Dexter season 7 episode 2 review: Sunshine And Frosty Swirl

Review Billy Grifter 10 Oct 2012 - 08:06

Dexter's seventh season is shaping up to be one of its most disturbing and enjoyable. Here's Billy's review of Sunshine and Frosty Swirl...

This review contains spoilers.

7.2 Sunshine And Frosty Swirl 

The opening episode was so pivotal that it was difficult to imagine where this one might take up, given that Dexter has now admitted to Debra the depth of his sociopathic problems.

Her reaction, well beyond the up-chuck, was typically pragmatic for her character. As she helped Dexter eliminate the crime scene, she's now an accessory to murder, and as such if she arrests him, she also has to turn herself in.

The idea that Dexter can suddenly develop some self-control is charming, if naive, in the same way that for some people addiction or obsession isn't something that can be cured by a change of scenery. Dexter knows it's unrealistic and so does Debra, if she's honest. The only question is how long she takes to work out that she's not in control of this situation, and what she then decides to do about it.

A great twist might be to convince herself that Dexter is under control, and then for something to happen where she wants to unleash him on some nasty people, knowing exactly what he'll do. Debra's days as Dexter's accomplice might not be over, or have even truly begun.

By far the oddest part of the story was those that involved Louis, who is either the world's dumbest troll or mentally ill in his own special way. Louis' actions made me appreciate just how reasonable Dexter was being about things when he didn't end up taking that midnight boat trip in trash bags. But he is a loose end that will need pinching off at some point, and depending how he reacts to being abducted that might be sooner rather than later. The best solution would be something custodial, like what Dexter arranged for Rita's ex all those years ago.

The other strange thing about the Louis story is that we know the hand from the evidence box is a copy that Louis made and sent to Dexter, so what happened to the original that was 'borrowed' by Ryan? Maybe someone else bought it online, or does Louis still have it? He's a collector, he's got it.

But this show is always about the threats that Dexter is aware of, and those he's yet to discover. We've got two of those invisible problems looming; LaGuerta's investigation into the death of Doakes, and the Ukrainian Mafia, set in motion by the disappearance of Victor. The mafia is a pot boiler that may develop into something substantial later, but the LaGuerta subplot clearly has ambitions to cause Debra and Dexter major issues.

Some parts of this episode I didn't really go for, especially the bit where she compared the blood slides. I mean, what did this actually prove, as it was a standard glass slide with a blood smear on it? As she didn't submit it into evidence, it's hardly anything she'd want to testify in court about, and the labs appear to have been able to test the blood on it without disturbing it in any visible way. Very clever.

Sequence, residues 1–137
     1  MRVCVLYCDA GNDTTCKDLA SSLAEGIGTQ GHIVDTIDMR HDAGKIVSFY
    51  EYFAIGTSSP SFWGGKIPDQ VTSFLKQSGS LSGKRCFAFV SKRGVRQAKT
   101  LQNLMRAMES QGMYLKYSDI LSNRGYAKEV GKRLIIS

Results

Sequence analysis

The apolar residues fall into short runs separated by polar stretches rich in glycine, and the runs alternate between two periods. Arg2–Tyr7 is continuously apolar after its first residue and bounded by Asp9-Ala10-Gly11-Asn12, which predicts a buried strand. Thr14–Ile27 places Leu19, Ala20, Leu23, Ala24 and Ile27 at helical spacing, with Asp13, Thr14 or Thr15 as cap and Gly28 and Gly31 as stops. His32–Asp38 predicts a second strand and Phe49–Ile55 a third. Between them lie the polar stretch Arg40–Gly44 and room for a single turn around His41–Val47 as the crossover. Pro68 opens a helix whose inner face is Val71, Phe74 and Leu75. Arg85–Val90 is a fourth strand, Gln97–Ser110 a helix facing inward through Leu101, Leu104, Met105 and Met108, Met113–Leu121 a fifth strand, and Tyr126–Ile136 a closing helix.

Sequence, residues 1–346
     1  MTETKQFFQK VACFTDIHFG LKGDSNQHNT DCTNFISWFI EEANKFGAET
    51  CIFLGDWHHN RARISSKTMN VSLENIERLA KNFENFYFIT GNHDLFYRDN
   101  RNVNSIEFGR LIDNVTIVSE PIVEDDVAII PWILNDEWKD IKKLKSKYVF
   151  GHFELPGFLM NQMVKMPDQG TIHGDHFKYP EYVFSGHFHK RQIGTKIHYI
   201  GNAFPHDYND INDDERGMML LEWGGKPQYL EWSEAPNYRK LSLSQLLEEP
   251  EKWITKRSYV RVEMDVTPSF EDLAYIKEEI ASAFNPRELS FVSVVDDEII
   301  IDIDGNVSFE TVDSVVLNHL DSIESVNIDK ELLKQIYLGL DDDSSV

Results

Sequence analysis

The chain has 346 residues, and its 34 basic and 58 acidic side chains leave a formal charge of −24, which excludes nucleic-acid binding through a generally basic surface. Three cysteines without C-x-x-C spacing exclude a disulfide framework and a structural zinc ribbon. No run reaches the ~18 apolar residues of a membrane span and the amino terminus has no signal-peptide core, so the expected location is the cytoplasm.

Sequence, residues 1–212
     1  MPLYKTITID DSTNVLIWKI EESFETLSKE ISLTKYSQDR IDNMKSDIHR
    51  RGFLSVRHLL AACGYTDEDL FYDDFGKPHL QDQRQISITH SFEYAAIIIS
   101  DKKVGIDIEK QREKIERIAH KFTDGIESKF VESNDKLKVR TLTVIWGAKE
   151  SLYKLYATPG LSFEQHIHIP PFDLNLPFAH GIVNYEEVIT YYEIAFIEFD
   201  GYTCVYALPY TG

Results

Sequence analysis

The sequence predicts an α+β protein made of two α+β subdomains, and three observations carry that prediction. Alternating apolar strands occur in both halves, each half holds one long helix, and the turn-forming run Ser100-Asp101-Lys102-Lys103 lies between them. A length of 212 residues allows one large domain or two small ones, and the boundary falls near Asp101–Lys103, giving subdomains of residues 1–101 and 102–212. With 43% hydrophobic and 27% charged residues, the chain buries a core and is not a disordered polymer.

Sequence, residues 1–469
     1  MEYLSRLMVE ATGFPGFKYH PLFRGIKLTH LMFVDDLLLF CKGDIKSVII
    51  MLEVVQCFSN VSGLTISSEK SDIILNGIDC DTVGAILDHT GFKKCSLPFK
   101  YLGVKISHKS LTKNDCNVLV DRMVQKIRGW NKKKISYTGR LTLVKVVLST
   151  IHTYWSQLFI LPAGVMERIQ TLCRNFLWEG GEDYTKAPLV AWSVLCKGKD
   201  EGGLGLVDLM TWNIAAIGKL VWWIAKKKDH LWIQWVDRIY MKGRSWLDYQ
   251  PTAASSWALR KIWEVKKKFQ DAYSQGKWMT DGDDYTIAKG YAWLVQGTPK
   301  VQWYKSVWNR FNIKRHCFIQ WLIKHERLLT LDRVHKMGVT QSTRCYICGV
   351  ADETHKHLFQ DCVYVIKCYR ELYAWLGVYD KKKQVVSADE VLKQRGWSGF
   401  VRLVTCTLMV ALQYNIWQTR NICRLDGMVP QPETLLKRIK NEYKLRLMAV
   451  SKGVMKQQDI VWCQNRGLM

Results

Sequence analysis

The mafia subplot has an extra dimension, with Joey Quinn following his predictable single track mind, the one that might get him and the pretty Ukrainian stripper killed. Unless she's been sent to find out what the police know, and alert them to potential suspects. Joey's ability to be entirely driven by his own special urges was always going to be his undoing at some point, but he did seem to exercise some restraint for once.

As the episode progressed, the title didn't make any sense until the appearance of Randall, the philosophical killer. He's presented as a future incarcerated version of Dexter, helping the police find bodies he'd buried. Or, that's what it seems. The sunshine and Frosty Swirls are brief moment in Randall's life where he gets to be free from prison and kick back, before his final very calculated exit.

This end sequence painted a rather grim future for poor Dexter, where whatever optimism about his circumstances is just a façade wiped away like yet more blood splatter. We can assume this event is either something that shocks him into taking Debra's idea of recovery more seriously, or something where he embraces the unpleasant end that destiny has put aside for him.

What I took away with me was that we're asked to look at Dexter again, possibly through Debra's eyes, and the thoughts of Randall. Is he just a killer, and no more?

Have we, though the rules of Harry, given him sanction he doesn't deserve? It's a moral minefield, and we're moving though it with heavy boots. When we send soldiers away to war and they kill people we don't normally call them killers or murderers when they return. Given the victims he kills should this sort of ambiguity be extended to Dex? In our society the answer is an emphatic 'no', yet for more than six seasons now the audience has been encouraged to think exactly that. This might be the point where we accept that Dexter has done some serious wrong, and consider that there will be appropriate consequences for his actions before we're done.

With only two episodes on the slab so far, Dexter season 7 is setting a pace that could be difficult to maintain, and a disturbing direction that's far from predictable so far.

Next week Dexter gets to Buck The System, with the introduction of the lovely Yvonne Strahovski, now she's completely done with Chuck. What she can bring to this party is anyone's guess.

Read Billy's review of last week's episode, Are You...?, here.

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